Babies: Strike up the band
Give your sitting-up child two wooden spoons. Then set out several objects in front of him to bang: blocks, empty boxes and milk jugs, a sturdy ceramic bowl. Sit beside him, turn on some music, and with your own wooden spoons show him how to strike the items in something similar to the rhythm of the music.
Toddlers: Follow the music
This spin on Follow the Leader teaches about tempo and scale. Put on some music with changing beats and a range of high and low notes. Classical often fits the bill (try Beethoven's Ninth or virtually anything by Aaron Copeland), but lots of rock and pop tunes do too, especially songs by the Beach Boys and the Beatles. Let your child mimic you as you reach high during high notes, fall down during low ones, and alternately crawl slowly or skip rapidly to a changing tempo. When she understands how your actions reflect the music, let her take over as leader. For more fun, you can both use a scarf to reach up and down with, or a set of maracas to shake to the beat.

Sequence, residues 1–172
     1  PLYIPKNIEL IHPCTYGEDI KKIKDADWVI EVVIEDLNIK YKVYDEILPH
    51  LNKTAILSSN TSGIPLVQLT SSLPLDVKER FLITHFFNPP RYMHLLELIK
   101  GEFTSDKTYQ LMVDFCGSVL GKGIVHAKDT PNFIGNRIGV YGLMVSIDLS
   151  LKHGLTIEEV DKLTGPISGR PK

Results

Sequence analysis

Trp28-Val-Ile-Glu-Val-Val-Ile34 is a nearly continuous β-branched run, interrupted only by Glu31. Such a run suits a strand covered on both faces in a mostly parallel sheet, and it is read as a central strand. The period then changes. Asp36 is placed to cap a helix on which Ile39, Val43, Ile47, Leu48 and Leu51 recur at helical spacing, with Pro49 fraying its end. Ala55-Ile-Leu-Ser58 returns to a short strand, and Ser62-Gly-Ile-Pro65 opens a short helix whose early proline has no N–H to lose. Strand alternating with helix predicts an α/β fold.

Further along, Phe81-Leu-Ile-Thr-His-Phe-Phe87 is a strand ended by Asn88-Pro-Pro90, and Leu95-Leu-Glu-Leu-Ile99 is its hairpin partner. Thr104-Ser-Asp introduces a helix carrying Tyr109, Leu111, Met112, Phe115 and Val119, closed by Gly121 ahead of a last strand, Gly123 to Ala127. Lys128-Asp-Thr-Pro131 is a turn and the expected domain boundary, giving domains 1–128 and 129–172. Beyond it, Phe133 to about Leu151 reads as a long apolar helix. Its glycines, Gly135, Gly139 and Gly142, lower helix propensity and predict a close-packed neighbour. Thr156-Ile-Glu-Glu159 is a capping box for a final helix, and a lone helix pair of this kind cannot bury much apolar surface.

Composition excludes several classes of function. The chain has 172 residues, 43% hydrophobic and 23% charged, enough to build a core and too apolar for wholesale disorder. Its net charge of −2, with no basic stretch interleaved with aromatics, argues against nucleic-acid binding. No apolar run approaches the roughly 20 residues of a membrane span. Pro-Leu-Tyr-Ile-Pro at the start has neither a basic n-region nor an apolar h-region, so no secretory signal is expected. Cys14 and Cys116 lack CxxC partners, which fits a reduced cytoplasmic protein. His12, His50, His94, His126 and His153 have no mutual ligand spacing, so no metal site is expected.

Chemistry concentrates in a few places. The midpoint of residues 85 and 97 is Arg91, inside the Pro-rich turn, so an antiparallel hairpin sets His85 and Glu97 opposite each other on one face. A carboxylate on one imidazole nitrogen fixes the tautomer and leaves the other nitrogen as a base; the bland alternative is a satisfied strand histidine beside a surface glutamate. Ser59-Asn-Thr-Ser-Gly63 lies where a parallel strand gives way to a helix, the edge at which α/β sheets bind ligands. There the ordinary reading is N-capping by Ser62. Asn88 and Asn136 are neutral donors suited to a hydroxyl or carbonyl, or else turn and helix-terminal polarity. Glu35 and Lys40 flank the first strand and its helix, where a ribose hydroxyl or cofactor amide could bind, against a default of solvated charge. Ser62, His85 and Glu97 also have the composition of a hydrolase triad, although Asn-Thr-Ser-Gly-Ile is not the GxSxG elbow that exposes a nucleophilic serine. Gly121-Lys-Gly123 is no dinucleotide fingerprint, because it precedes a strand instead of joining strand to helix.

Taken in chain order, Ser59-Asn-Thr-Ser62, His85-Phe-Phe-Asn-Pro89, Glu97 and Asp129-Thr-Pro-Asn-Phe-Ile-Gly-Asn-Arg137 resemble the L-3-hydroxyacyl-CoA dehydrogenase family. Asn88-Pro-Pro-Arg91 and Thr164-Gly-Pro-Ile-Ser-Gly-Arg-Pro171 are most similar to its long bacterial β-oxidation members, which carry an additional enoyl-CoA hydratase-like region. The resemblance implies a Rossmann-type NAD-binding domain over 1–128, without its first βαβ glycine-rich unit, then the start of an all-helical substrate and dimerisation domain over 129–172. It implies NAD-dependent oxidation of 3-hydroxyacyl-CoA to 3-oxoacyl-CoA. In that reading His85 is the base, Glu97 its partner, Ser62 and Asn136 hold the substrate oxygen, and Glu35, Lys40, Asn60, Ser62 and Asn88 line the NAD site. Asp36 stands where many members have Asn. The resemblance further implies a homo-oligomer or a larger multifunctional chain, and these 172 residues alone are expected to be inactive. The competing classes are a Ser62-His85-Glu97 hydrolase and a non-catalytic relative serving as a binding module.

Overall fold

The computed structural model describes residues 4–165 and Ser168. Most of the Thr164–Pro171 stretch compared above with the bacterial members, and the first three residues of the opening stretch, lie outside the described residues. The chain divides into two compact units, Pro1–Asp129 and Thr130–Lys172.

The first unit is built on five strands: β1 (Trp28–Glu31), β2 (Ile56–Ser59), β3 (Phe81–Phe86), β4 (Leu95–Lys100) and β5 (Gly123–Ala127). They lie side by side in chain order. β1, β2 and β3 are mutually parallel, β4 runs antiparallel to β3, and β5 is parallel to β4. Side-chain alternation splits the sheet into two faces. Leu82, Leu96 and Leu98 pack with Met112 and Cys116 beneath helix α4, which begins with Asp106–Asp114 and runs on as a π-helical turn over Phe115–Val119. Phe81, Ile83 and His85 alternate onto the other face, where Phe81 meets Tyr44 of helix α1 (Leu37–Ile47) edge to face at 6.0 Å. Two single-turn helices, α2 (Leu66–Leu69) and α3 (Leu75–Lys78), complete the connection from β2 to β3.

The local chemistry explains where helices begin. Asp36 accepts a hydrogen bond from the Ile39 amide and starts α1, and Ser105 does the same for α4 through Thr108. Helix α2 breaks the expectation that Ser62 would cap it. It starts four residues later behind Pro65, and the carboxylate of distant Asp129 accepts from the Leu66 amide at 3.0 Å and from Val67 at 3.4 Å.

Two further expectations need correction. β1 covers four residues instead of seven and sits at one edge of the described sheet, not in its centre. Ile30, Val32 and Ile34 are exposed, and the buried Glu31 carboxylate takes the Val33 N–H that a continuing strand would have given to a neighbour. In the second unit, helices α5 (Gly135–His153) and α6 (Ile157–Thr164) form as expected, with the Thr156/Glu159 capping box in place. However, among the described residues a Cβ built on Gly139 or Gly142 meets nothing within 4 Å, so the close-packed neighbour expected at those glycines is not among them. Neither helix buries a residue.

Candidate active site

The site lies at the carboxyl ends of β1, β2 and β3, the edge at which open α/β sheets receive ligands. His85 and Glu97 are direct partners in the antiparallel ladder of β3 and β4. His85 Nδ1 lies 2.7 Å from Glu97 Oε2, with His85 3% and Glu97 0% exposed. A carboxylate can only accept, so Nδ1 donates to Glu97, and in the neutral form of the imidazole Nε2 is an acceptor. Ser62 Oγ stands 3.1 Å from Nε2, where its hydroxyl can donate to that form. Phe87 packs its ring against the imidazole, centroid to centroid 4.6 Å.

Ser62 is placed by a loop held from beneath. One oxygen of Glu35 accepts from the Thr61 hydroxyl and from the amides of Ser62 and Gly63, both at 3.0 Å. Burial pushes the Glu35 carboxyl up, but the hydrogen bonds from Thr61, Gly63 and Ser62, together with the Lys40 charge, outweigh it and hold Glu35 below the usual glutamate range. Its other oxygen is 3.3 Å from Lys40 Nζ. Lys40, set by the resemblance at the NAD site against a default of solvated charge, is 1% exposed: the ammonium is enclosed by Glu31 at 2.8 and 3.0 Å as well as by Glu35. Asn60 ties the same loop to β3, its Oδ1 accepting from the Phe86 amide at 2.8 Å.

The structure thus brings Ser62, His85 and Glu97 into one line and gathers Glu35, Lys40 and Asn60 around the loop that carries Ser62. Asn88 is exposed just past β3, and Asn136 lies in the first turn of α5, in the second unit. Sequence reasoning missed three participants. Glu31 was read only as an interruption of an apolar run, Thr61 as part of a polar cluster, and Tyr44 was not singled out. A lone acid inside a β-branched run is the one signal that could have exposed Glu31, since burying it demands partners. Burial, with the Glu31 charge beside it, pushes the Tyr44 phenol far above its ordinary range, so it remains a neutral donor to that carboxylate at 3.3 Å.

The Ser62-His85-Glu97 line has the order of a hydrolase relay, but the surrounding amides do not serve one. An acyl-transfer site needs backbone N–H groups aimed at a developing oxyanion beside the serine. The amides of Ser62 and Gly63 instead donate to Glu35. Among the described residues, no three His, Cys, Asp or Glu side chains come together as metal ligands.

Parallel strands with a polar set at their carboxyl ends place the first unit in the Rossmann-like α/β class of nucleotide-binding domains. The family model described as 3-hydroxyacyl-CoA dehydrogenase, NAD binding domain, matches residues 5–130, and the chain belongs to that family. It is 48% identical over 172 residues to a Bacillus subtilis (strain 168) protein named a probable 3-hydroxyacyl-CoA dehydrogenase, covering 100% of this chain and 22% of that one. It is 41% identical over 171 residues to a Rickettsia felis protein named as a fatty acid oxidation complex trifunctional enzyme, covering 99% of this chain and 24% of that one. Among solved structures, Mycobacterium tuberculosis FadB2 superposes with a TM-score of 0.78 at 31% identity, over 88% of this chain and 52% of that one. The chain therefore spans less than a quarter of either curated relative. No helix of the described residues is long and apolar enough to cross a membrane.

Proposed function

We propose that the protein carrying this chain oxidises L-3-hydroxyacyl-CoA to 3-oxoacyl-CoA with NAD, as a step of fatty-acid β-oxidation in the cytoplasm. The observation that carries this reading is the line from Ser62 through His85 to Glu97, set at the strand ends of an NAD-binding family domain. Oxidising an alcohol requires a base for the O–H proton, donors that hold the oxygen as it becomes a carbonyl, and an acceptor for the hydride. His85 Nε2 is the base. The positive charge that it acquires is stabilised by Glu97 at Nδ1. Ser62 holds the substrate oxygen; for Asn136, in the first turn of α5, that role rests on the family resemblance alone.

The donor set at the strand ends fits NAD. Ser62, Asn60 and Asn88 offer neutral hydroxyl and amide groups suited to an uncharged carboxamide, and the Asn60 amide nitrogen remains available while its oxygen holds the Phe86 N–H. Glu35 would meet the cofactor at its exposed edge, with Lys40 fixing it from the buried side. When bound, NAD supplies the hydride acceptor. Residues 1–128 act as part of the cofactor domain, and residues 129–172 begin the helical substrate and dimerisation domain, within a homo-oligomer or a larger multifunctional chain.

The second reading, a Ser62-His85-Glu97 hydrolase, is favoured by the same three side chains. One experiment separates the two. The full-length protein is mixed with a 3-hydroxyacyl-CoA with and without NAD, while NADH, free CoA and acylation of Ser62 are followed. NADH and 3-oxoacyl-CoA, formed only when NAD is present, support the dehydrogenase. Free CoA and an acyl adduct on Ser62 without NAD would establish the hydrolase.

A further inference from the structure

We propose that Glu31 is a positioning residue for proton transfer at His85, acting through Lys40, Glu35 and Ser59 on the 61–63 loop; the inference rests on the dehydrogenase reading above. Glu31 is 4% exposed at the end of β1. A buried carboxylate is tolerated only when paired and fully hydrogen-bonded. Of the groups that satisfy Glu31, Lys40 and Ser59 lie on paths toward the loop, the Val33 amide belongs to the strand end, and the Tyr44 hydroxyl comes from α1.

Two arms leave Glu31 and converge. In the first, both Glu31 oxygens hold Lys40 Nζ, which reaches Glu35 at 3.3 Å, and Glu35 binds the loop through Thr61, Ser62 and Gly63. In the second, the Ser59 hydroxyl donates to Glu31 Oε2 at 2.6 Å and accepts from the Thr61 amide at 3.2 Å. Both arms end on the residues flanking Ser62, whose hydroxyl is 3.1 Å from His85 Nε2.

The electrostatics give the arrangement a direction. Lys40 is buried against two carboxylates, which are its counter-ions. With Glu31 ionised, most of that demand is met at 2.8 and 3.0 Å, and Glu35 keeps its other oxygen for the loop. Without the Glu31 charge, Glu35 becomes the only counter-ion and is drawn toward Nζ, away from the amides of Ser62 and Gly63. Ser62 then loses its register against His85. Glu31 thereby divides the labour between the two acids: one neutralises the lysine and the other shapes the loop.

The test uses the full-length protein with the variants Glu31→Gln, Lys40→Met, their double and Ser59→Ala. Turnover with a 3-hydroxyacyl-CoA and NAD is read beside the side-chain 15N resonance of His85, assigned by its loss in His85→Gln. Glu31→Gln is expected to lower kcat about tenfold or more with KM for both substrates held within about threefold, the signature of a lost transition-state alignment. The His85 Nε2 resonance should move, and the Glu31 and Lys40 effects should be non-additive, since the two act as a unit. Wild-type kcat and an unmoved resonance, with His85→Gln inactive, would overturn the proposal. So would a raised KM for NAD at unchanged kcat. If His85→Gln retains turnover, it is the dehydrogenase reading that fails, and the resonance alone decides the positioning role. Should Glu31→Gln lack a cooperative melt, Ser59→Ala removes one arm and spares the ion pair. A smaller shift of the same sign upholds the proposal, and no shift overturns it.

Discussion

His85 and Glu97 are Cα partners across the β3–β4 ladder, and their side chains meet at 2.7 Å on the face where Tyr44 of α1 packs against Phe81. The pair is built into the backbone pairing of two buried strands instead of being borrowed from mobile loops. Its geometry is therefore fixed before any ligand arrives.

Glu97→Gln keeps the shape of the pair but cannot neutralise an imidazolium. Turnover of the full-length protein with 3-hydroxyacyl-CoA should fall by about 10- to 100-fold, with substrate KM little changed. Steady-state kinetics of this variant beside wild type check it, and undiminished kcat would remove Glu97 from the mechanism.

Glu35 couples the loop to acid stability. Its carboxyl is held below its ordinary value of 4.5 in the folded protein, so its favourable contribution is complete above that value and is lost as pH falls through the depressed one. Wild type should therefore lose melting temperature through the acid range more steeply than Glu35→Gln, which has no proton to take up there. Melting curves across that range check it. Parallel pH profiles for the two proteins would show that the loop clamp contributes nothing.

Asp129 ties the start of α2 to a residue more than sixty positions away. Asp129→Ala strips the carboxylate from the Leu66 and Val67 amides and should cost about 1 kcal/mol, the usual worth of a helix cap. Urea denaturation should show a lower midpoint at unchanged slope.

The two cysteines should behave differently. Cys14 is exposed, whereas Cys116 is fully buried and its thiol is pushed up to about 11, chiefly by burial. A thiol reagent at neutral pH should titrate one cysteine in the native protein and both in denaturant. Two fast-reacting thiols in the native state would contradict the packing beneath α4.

Preschoolers: "Write" a song
Hang a three- or four-foot length of butcher paper on the wall. Give your child a washable marker and sing or play a recording of a familiar song -- a slower tune is best to start. With your own marker, show him how to move his to draw the music, going up and down with the pitch and the tempo. You can even keep another color marker uncapped and at the ready and alternate colors when the song changes tempo or direction. Let your child try to draw the music he hears and sing it back to you.
Grade-schoolers: Name that beat
This game challenges kids to clap out the rhythms of their favorite songs well enough that other players can recognize them. Each player gets three turns to try to clap out a tune before singing along with her claps and revealing the song. Simple childhood melodies, such as "Row, Row, Row Your Boat," work best.